Stocks opened this morning (Dow -65 pts; SPX -.35%). Nine of eleven sectors are lower in early trading, led by real estate and materials (down 1%). Banks are one of the few groups trading up at the moment. The dollar is a bit stronger and commodities are lower. That probably has something to do with the Fed policy meeting today. We’ll get an announcement around 2pm EST. WTI crude oil opened down .5% but quickly turned around and is now up .5% to $47.70/barrel. Bonds are mostly unchanged this morning. The 5-year Treasury yield is 1.83% and the 10-year is trading at 2.29%. With the move in the dollar and real estate, one would think bond yields would be higher. Anyway, given the soft economic data we’ve had over the past six weeks, it’s surprising capital markets would be moving as if they expect a hawkish announcement from the Fed today.
About 350 of the S&P 500 companies have now reported first quarter results. So far, aggregate corporate earnings are on track to grow about 14% from year-ago levels. Tom Lee of Fundstrat Global Advisors points out that several sectors posting the best first quarter earnings growth haven’t been leading the stock market. Energy, financials and materials sectors are all on pace for earnings growth above 19%. And yet energy stocks as a group are down 10% so far this year, financials are up a mere 2% and materials stocks are matching the S&P 500’s total return of 7.4%. The bank stocks, he says, are falling because interest rates declined over the last month. Likewise, energy stocks aren’t tracking earnings, but rather the price of oil, which is down over the last month. Short-term fluctuation in rates and oil can cause temporary “disconnects” in the stock market. The real question is, how quickly can the economy rebound from recent weakness? The economy will drive rates and oil.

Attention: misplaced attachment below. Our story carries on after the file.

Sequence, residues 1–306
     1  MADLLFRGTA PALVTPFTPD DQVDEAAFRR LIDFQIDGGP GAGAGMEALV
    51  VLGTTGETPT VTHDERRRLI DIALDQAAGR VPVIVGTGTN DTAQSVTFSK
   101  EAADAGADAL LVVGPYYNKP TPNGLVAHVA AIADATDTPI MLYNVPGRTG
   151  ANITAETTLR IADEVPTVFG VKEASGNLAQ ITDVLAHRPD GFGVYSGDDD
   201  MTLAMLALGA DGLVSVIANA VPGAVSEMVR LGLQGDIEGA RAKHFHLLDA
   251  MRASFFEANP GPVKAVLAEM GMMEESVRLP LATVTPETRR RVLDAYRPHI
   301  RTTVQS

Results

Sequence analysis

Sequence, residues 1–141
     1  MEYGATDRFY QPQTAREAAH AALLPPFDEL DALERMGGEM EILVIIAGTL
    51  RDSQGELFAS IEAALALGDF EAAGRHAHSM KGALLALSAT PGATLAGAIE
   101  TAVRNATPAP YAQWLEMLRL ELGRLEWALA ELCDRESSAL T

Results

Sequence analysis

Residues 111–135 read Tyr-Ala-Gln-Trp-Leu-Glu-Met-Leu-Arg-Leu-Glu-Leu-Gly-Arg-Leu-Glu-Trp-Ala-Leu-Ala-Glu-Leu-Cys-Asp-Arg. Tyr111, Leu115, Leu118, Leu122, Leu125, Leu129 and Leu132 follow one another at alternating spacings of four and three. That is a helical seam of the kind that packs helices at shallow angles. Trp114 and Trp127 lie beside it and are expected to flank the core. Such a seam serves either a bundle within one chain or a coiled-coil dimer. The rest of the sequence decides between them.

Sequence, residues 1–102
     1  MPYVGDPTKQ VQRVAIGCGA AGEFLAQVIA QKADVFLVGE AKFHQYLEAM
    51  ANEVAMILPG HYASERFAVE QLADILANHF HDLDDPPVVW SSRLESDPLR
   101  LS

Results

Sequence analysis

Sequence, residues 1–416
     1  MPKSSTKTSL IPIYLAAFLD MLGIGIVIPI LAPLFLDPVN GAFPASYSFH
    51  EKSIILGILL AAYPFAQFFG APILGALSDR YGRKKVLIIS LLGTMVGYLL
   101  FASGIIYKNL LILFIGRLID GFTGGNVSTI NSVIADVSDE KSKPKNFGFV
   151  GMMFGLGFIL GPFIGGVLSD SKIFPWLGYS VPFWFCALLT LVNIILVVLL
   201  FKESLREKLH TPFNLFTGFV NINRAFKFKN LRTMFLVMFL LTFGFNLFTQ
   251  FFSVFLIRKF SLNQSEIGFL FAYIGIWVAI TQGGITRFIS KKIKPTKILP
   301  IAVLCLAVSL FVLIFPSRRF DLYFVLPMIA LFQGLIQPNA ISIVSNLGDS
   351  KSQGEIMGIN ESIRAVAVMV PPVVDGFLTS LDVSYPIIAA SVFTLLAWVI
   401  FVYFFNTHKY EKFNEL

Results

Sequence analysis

Speaking of the economy, the ISM Non-Manufacturing Index accelerated to 57.5 in April vs. 55.8 in the prior month. The increase in service sector business activity was not anticipated by economists. This is the second-highest level since October 2015. More importantly, the forward-looking “new orders” component of the index shot up to 63.2, the highest since August 2005. Other components like backlogs and exports also improved. Bloomberg notes the “results are in sync with projections for a rebound in economic growth this quarter coming off the weakest pace in three years, which was partly due to transitory restraints.”
Apple (AAPL) reported first quarter results that disappointed analysts. Revenue rose 5% y/y and earnings rose 10% y/y. The CEO, Tim Cook, said consumers delayed new purchases of iPhones because they’re anticipating new Apple products that are rumored to be released soon. This is sort of a stretch, since Apple nearly always introduces new products in the fall. Anyway, none of this matters. The stock is down a scant 1% from its all-time high and that should tell you what you need to know. By the way, services revenue (from aps, iTunes, Apple Music, CarPlay, Apple Pay) is growing quickly and now represents 18% of the company’s total revenue.